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In a double-blind randomized controlled study published in the Journal Of The International Society Of Sports Nutrition, pea protein went head to head against whey protein, to investigate the effects on muscle composition and strength. 161 male participants enrolled in a 12-week resistance training program and were randomized into a pea, whey, and placebo control group. The results showed a significant and greater effect on muscle composition amongst the pea protein group, with no clinical difference between groups in regard to muscle strength. Therefore, this study proves, that Pea protein, is a phenomenal plant-based protein source to help increase muscle strength and composition, to further improve athletic performance [R].
A similar study conducted at Lipscomb University in Tennessee, compared the effects of whey and pea protein supplementation in conjunction with 8-weeks of High-Intensity Functional Training (HIFT) on strength, body composition, muscle thickness, IMTP peak force, IMTP RFD, and WOD performance. The results confirmed that whey and pea proteins promote similar strength, performance, body composition, and muscular adaptations following 8-weeks of HIFT [R].
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Part of the argument, in plant-based protein vs animal-based protein is amino acid mix. By having a full amino acid profile, you’ll get the essential nutrients you need to increase muscle mass and remain in an anabolic state. Pea protein has a very similar amino acid mix, as compared to whey. Due to its high amount of essential amino acids, specifically arginine, leucine, isoleucine, valine, and alanine (leucine, isoleucine, and valine are the branched chain amino acids BCAAs, and are known to be most responsible for stimulating muscle protein synthesis), pea protein is an amazing plant-based protein alternative for athletes. Arginine specifically helps facilitate the release of nitric oxide, which increases oxygen and blood flow, translating to increased muscle growth, and better recovery. Pea Protein has nearly three times the amount of arginine than whey protein. No, I’m not kidding. Just look at the reference comparison table below.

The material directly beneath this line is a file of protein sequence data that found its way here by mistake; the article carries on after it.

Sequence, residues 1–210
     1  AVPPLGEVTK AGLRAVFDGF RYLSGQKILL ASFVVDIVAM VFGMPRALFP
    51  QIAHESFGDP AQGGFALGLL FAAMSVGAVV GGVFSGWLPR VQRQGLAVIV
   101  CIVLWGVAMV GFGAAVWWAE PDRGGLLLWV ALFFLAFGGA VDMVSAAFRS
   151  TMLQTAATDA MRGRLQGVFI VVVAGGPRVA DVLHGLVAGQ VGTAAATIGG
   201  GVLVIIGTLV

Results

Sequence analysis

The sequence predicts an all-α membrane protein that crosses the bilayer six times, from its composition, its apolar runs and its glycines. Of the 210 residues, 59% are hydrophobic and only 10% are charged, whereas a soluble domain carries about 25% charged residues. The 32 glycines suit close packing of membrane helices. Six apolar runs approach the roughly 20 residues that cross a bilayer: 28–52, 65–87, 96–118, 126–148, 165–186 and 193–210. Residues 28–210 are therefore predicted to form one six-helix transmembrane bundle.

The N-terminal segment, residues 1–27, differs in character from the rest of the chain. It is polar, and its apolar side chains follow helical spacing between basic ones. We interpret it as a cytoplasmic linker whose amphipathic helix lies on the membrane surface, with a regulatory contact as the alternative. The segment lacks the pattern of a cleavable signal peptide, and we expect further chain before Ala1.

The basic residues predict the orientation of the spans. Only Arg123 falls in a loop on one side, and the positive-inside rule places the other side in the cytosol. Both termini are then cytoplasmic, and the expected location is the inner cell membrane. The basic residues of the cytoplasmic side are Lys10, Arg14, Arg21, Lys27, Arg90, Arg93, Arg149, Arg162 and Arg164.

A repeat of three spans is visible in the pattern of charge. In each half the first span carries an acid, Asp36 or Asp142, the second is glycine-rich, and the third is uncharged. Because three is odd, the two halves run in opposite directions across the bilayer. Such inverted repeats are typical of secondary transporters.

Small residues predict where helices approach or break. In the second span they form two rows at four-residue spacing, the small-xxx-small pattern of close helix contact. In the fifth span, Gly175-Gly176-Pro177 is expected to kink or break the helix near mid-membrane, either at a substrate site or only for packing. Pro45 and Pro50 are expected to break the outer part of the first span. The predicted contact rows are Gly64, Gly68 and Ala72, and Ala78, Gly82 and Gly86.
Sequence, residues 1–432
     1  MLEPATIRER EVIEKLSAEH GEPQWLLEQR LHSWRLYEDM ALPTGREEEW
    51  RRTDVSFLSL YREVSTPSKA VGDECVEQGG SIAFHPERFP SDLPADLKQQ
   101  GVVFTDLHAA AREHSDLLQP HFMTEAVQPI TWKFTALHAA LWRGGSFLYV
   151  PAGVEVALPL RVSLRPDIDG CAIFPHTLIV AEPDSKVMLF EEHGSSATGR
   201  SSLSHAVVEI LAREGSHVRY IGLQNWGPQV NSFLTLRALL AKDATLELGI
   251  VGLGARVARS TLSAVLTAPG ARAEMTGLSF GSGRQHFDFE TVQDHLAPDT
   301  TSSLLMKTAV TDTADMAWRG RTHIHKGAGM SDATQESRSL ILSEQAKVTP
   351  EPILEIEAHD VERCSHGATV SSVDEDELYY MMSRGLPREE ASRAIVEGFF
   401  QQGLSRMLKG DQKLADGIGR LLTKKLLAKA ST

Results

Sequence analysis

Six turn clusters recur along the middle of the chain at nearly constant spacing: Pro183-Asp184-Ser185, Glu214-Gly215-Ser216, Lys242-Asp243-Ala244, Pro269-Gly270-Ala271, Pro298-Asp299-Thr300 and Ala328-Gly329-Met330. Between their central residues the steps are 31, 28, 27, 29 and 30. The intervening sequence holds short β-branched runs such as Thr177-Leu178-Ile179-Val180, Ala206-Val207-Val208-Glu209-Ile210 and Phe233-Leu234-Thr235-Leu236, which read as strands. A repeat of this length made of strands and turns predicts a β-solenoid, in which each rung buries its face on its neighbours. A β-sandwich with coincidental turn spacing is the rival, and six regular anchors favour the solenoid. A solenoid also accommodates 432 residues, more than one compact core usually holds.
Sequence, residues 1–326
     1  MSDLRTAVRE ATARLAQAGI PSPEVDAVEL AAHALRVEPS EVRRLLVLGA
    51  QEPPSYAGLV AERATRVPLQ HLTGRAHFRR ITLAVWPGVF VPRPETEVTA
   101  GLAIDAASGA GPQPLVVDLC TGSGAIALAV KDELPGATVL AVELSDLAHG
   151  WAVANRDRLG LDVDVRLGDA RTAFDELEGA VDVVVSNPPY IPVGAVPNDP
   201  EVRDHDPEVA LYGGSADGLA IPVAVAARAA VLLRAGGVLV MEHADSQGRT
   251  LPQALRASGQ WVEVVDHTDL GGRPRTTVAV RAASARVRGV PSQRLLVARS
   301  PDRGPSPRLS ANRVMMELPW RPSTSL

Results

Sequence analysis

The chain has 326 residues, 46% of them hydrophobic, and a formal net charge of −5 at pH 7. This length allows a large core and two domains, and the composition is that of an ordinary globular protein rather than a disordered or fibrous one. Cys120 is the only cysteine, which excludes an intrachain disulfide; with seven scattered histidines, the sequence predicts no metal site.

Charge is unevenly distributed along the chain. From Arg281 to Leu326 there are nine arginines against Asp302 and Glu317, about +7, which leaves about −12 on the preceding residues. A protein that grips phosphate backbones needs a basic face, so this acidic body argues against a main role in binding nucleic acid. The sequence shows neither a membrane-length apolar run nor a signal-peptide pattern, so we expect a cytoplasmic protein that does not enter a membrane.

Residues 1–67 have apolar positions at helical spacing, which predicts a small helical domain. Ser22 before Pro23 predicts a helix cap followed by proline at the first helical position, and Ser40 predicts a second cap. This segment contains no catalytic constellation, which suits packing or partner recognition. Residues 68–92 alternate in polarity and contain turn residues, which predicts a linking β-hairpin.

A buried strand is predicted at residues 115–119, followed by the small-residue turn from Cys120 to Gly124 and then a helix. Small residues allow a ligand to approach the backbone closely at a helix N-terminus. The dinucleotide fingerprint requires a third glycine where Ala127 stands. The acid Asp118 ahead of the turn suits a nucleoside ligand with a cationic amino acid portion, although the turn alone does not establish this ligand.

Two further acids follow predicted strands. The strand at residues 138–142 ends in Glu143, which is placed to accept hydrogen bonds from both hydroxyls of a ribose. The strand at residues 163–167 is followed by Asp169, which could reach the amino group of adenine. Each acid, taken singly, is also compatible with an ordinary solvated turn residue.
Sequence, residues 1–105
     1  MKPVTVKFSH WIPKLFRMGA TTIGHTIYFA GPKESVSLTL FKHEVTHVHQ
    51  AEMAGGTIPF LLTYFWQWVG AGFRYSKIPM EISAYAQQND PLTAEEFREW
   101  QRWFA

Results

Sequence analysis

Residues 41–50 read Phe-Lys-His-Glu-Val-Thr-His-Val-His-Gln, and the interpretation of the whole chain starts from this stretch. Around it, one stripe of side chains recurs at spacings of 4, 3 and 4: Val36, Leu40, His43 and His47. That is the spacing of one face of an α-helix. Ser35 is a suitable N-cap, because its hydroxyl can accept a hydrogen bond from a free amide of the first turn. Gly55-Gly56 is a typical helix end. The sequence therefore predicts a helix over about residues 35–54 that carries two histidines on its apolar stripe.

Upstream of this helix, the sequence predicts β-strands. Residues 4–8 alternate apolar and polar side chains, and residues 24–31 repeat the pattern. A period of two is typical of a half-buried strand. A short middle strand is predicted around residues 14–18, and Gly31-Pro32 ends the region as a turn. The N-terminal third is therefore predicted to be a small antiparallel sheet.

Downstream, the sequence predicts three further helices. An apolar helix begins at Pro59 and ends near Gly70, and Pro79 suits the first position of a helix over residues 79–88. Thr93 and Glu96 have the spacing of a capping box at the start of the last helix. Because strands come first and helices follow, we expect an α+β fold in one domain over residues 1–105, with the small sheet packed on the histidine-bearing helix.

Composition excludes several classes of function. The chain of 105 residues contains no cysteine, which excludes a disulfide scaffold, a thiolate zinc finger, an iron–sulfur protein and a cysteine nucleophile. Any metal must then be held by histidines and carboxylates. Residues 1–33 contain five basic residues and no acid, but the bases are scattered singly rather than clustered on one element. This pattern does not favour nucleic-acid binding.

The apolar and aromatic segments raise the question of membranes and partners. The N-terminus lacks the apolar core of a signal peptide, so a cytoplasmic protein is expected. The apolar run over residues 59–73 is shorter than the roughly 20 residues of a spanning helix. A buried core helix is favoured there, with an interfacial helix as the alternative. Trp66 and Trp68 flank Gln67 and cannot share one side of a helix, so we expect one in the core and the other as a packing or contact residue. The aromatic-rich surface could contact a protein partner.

Amino acid composition in g/100 g of whey and pea protein supplements.
Whey Protein Isolate Vs Pea Protein Key Differences
- Whey protein and pea have similar anabolic and performance benefits
- Whey protein isolate and pea protein have a similar and complete amino acid profile.
- Pea protein has a better micronutrient profile. Pea protein is rich in iron, manganese, folate, copper, phosphorus, vitamins B6, B2, niacin, molybdenum, fiber, and vitamins A, C, and K.
- Whey protein isolate taste better than pea protein, always and forever.
- Although pea protein absorbs faster than all other plant-based protein. whey protein isolate absorbs faster, which makes it an ideal post-workout supplement to help with crucial amino-acid delivery.
How Much Whey Protein Isolate Should I Take?